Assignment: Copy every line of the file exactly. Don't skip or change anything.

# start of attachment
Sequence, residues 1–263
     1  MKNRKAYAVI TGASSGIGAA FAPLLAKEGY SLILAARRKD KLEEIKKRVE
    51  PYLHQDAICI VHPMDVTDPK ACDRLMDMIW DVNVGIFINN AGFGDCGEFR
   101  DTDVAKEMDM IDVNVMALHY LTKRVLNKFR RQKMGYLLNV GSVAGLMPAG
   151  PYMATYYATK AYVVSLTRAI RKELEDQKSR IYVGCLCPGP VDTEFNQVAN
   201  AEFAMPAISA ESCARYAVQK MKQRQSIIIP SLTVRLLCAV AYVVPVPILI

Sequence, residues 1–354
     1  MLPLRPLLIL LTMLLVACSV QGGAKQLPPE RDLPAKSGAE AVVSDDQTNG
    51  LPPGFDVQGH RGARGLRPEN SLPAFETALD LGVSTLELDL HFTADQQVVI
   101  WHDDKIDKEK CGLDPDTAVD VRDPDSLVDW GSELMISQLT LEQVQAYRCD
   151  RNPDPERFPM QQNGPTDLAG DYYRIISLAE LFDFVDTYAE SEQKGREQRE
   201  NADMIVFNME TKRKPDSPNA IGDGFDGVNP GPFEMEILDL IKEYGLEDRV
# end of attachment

Sequence, residues 1–263
     1  MKNRKAYAVI TGASSGIGAA FAPLLAKEGY SLILAARRKD KLEEIKKRVE
    51  PYLHQDAICI VHPMDVTDPK ACDRLMDMIW DVNVGIFINN AGFGDCGEFR
   101  DTDVAKEMDM IDVNVMALHY LTKRVLNKFR RQKMGYLLNV GSVAGLMPAG
   151  PYMATYYATK AYVVSLTRAI RKELEDQKSR IYVGCLCPGP VDTEFNQVAN
   201  AEFAMPAISA ESCARYAVQK MKQRQSIIIP SLTVRLLCAV AYVVPVPILI

Sequence, residues 1–354
     1  MLPLRPLLIL LTMLLVACSV QGGAKQLPPE RDLPAKSGAE AVVSDDQTNG
    51  LPPGFDVQGH RGARGLRPEN SLPAFETALD LGVSTLELDL HFTADQQVVI
   101  WHDDKIDKEK CGLDPDTAVD VRDPDSLVDW GSELMISQLT LEQVQAYRCD
   151  RNPDPERFPM QQNGPTDLAG DYYRIISLAE LFDFVDTYAE SEQKGREQRE
   201  NADMIVFNME TKRKPDSPNA IGDGFDGVNP GPFEMEILDL IKEYGLEDRV